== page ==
Soon-to-be graduate proudly displays high school diploma at Ward Melville High School’s commencement on June 26, 2016. Photo by Andrea Moore Paldy

They came with cameras, air horns and even a graduate’s photo held high on sticks. These were the proud families and friends who came to celebrate the 618 students who graduated from Ward Melville High School on Sunday.

Before receiving their diplomas, graduating seniors listened to final pieces of advice from their peers, their principal Dr. Alan Baum and school board president William Connors.

Class salutatorian Ariel Long urged her classmates to take their experiences at Ward Melville and “look on new beginnings with excitement and not fear.” Jeffrey Michel, the class valedictorian, reminded them to not limit themselves to one talent or interest.

“Change starts with you,” said Dr. Baum, who quoted a number of artists, including Shakira, to remind students that failure is a part of life and a way to learn. He told the graduates to “challenge obstacles,” try again and move forward.

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Pondering the circle of life and all that

Supreme Court Justice Sonia Sotomayor receives honorary degree, Doctor of Humane Letters, at the Icahn School of Medicine commencement, held at Avery Fisher Hall in May. Photo by Andrea Moore Paldy

I went to my first graduation at two. My father was receiving his Master’s in Public Administration and, according to my mother, I spent the duration of the ceremony on her lap, kicking her with my white patent leather shoes.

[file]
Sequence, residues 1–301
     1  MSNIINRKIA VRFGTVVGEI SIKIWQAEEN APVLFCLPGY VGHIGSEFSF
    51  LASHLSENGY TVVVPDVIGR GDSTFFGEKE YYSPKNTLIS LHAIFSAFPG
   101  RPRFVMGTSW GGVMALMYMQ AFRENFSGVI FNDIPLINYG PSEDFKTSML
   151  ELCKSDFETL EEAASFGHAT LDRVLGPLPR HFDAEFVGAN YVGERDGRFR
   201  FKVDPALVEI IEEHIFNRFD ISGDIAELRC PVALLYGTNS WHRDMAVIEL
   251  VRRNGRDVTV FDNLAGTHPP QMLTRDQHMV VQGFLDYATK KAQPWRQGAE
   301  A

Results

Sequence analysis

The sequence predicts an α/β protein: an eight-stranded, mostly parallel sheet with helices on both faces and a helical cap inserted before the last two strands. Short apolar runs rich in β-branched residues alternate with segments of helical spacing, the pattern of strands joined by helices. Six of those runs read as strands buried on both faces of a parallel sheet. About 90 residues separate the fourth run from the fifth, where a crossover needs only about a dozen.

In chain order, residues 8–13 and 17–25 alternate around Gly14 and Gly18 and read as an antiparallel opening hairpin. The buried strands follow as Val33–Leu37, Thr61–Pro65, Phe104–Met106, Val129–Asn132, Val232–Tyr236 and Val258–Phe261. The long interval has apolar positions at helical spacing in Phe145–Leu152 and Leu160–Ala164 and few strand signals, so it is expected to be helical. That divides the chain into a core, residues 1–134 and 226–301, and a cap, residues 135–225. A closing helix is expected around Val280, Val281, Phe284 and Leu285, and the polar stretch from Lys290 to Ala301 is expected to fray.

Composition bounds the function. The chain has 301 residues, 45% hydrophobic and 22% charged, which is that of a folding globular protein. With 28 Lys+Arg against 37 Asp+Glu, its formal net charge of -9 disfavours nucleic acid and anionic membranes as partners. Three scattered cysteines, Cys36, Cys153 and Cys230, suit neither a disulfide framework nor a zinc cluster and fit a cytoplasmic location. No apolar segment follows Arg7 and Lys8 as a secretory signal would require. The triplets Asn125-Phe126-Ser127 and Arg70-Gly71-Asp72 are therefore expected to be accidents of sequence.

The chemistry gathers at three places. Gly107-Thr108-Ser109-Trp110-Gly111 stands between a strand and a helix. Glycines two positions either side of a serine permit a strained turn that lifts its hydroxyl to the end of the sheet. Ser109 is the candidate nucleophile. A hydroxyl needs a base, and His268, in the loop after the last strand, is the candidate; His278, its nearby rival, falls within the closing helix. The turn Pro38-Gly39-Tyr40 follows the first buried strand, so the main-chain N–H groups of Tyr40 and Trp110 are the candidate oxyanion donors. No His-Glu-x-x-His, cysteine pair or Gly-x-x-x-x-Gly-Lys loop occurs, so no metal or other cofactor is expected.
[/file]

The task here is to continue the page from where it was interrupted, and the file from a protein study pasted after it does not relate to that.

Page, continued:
Since then, there have been more graduations than I can properly recall — including my own — and along with an upgrade in footwear, my attention span has also much improved.

To be fair, most of the graduations I attend these days are for work, which means that I should be paying attention if I’m to properly report what occurred.

But this year, in addition to the ones I covered, I had my daughter’s moving-up ceremony from kindergarten, which marked the end of her time — and our family’s time — at the school she and my son attended for preschool and kindergarten. (Yes, there are a lot of emotions there, but I am not going to cry. Sniff!)

And, I attended my cousin Crystal’s graduation from Mount Sinai’s Icahn School of Medicine, where she received her Master’s of Public Health degree. (This is my “baby” cousin, whose kindergarten “graduation” I’d attended back in the ‘90s). And though this graduation was almost three (!!) hours,  it left me inspired, hopeful and with a sense of how interconnected we all are.